# Matrix calculus

Usefulness: 🔧
Novelty: 💡
Uncertainty: 🤪 🤪 🤪
Incompleteness: 🚧 🚧 🚧

We can generalise the high school calculus, which is about scalar functions of a scalar argument, in various ways, to handle functions with a vector, or matrix value, or argument.

I will mention two convenient and popular formalisms for doing that here. In practice a mix of each is often useful.

## Matrix differentials

🚧 I need to return to this and tidy it up with some examples.

A special case of tensor calculus that happens to be handy for some common cases; where the rank of the argument and value of the function is not too big. Fun pain point: agreeing upon layout of derivatives, numerator vs denominator.

If our problem is nice, this often gets us a very compact and tidy solution without much fuss, even for some surprising cases where it seems that more general tensors would be more natural. (for which, see below)

## Indexed tensor calculus

Keywords: Ricci calculus, Einstein summation notation, index notation or subscript notation.

If we crack open a tensor textbook we get a lot of guff about general relativity and tensor fields and such, which is all very nice but not germane to machine learning applications. We want the very entry level bit, which is some tidy notation conventions for dealing with multilinear operations without too many squiggles all over the place.

Soeren Laue, Matthias Mitterreiter, Joachim Giesen and Jens K. Mueller have been popularising such an approach recently. In their paper, they argue that derivation of matrix differential results results can be greatly simplified with Ricci calculus, and ps it often induces faster code.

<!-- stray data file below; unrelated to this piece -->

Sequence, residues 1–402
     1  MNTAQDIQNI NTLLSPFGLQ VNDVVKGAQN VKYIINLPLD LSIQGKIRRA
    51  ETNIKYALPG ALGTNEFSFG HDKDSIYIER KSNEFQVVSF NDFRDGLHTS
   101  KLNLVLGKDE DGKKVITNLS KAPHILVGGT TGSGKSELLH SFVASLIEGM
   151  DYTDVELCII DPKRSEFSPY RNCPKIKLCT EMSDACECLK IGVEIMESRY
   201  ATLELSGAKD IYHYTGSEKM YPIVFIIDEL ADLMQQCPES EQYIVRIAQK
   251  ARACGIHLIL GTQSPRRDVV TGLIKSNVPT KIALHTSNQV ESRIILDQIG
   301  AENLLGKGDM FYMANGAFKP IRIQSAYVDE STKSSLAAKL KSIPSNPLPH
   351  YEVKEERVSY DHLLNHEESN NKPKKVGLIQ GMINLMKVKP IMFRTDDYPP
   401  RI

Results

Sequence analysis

They have a website. MatrixCalculus.org which showcases this trick to do symbolic matrix calculus online (not the accelerated code generation bit.)

Here’s tasty readings on relevant bits of tensor machinery.

# Refs

Alexander Graham. 1981. Kronecker Products and Matrix Calculus: With Applications. Horwood.

Darrell A. Turkington. 2001. Matrix Calculus Zero-One Matrices. Cambridge University Press.

Gene H. Golub, and Charles F. van Loan. 1983. Matrix Computations. JHU Press.

George A. F. Seber. 2007. A Matrix Handbook for Statisticians. Wiley.

Giles, Mike B. 2008. “Collected Matrix Derivative Results for Forward and Reverse Mode Algorithmic Differentiation.” In Advances in Automatic Differentiation, edited by Christian H. Bischof, H. Martin Bücker, Paul Hovland, Uwe Naumann, and Jean Utke, 64:35–44. Berlin, Heidelberg: Springer Berlin Heidelberg. http://eprints.maths.ox.ac.uk/1079/.

Laue, Soeren, Matthias Mitterreiter, and Joachim Giesen. 2018. “Computing Higher Order Derivatives of Matrix and Tensor Expressions.” In Advances in Neural Information Processing Systems 31, edited by S. Bengio, H. Wallach, H. Larochelle, K. Grauman, N. Cesa-Bianchi, and R. Garnett, 2750–9. Curran Associates, Inc. http://papers.nips.cc/paper/7540-computing-higher-order-derivatives-of-matrix-and-tensor-expressions.pdf.

Magnus, Jan R., and Heinz Neudecker. 1999. Matrix Differential Calculus with Applications in Statistics and Econometrics. Rev. ed. New York: John Wiley. http://www.janmagnus.nl/misc/mdc2007-3rdedition.

Minka, Thomas P. 2000. “Old and New Matrix Algebra Useful for Statistics.” http://msr-waypoint.com/en-us/um/people/minka/papers/matrix/minka-matrix.pdf.

Parr, Terence, and Jeremy Howard. 2018. “The Matrix Calculus You Need for Deep Learning,” February. https://arxiv.org/abs/1802.01528v3.

Petersen, Kaare Brandt, and Michael Syskind Pedersen. 2012. “The Matrix Cookbook.” http://www2.imm.dtu.dk/pubdb/views/publication_details.php?id=3274.

Willi-Hans Steeb. 2006. Problems and Solutions in Introductory and Advanced Matrix Calculus. World Scientific.